Fig. 11: Number of video sequences per panel type
Fig. 12: Number of video sequences per panel state
Fig. 13: Number of images per panel type
Fig. 14: Number of images per panel state

Vi Conclusions and future work

In this paper, we introduced FRSign, a unique dataset containing more than 100,000 images of French railway signalling panels. We defined the terminology and the specifications used for French railway infrastructure such as panel types and their combinations.

Acquiring this data was not trivial. We faced multiple challenges on several levels:

  • Having access: having the necessary authorizations to access the railroads defined in our use case required a lot of preparation and organization.

  • Configuring the hardware: using the correct camera parameters is of high importance for acquiring images of good. Indeed, we tested multiple optics with regards to the distance to the panels in order to visualize them well. Also, it was critical to find the best spot to fix cameras: we wanted to be on the same level as the train driver’s eyes in order to have the same angle of view, and we wanted to avoid being near the engine, as it would make cameras vibrate.

  • Understanding the panels: most captured panels use LED lights which required rectified voltage with a frequency of 100 Hz. If the camera’s shutter speed is less than the LED’s frequency, the acquired video sequences would falsely show a blinking light. Therefore, we understood that we needed to set the exposure time more than or equal to the frequency.

This dataset can be used to learn automatic classification of French railway signalling panels, either by type or by state. It could also be used to detect panels in the images by comparing the prediction to the supplied bounding box.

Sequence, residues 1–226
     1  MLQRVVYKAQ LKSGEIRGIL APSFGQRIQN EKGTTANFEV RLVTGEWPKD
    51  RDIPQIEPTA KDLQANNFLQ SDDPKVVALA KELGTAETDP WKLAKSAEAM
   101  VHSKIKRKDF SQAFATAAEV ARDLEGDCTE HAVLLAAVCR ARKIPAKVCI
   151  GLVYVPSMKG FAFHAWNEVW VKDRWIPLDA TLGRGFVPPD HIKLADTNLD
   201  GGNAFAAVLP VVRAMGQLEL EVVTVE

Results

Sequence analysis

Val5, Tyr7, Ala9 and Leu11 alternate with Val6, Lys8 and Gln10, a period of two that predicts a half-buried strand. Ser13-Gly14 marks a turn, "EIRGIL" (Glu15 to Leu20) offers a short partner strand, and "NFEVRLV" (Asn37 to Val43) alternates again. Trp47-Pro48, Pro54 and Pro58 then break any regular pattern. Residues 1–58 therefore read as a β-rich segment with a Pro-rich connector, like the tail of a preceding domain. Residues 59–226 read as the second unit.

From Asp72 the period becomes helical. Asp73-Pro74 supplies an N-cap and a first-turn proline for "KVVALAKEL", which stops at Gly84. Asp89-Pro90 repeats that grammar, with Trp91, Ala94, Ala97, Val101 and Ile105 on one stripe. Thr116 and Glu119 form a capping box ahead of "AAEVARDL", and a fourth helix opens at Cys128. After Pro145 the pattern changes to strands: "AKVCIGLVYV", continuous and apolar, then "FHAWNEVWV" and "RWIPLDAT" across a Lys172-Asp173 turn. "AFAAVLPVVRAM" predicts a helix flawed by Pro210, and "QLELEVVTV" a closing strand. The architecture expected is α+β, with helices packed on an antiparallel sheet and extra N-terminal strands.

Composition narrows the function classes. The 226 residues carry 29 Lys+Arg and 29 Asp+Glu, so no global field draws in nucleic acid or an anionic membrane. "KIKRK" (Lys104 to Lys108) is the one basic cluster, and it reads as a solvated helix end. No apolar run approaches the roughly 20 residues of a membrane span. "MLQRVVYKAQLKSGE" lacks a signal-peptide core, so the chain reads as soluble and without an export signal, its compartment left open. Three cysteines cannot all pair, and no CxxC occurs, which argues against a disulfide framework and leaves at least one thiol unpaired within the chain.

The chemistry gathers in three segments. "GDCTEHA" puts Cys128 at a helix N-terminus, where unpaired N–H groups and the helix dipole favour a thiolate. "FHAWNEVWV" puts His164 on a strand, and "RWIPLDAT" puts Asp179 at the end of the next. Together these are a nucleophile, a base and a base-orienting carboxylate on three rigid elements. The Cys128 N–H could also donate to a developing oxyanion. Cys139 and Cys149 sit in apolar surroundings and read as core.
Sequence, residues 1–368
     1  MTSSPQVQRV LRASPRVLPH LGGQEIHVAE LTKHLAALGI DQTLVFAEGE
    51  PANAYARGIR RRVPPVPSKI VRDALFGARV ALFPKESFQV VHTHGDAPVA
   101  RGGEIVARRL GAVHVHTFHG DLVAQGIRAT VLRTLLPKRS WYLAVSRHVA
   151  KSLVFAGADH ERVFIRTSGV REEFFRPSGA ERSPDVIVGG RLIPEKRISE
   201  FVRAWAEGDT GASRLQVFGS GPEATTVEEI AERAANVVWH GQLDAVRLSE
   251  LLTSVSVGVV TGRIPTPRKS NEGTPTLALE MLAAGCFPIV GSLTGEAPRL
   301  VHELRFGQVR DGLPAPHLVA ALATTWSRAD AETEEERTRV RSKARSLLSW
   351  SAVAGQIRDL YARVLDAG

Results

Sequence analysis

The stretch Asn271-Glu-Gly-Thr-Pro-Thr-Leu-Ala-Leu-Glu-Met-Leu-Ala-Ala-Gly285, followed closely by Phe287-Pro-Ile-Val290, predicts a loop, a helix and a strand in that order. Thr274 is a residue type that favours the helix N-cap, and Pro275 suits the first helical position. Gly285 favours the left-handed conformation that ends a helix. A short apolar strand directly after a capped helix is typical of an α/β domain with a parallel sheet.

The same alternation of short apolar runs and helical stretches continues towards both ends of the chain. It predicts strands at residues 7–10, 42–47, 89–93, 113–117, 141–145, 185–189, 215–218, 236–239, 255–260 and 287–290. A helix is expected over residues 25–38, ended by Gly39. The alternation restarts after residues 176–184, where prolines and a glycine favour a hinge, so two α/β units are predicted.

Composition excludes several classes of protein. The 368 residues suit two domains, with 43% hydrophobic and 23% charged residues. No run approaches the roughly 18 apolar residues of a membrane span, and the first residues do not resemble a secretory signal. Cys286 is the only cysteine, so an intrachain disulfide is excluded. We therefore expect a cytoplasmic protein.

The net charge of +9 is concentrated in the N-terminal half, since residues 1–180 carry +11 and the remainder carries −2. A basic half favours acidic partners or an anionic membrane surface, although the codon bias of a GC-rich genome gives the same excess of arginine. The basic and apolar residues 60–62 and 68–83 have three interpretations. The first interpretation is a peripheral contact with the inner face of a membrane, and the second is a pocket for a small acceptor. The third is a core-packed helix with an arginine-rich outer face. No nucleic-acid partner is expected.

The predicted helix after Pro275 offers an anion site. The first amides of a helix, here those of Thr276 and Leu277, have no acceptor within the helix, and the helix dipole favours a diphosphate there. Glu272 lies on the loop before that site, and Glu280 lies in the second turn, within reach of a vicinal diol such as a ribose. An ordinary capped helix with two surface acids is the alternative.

This work is a first attempt to open-sourcing French railway signalling panels. It can be completed and improved in various ways:

  • Acquire images under multiple different weather conditions: rain, snow, fog…

  • Acquire images of all existing types of French railway signalling panels, as well as all their possible states, and reach a balanced distribution.

  • Acquire images on railroads across the entire country, to cover all settings and environments.

We hope to address these challenges in future works.

Acknowledgments. This work was done at IRT SystemX as part of the project TAS (Safe Autonomous Land Tranport), in partnership with SNCF and Alstom. We would like to thank our colleagues: Loïc Cantat, Pierre d’Aviau De Ternay and Jack Fazakerley for their help in designing and setting up the website.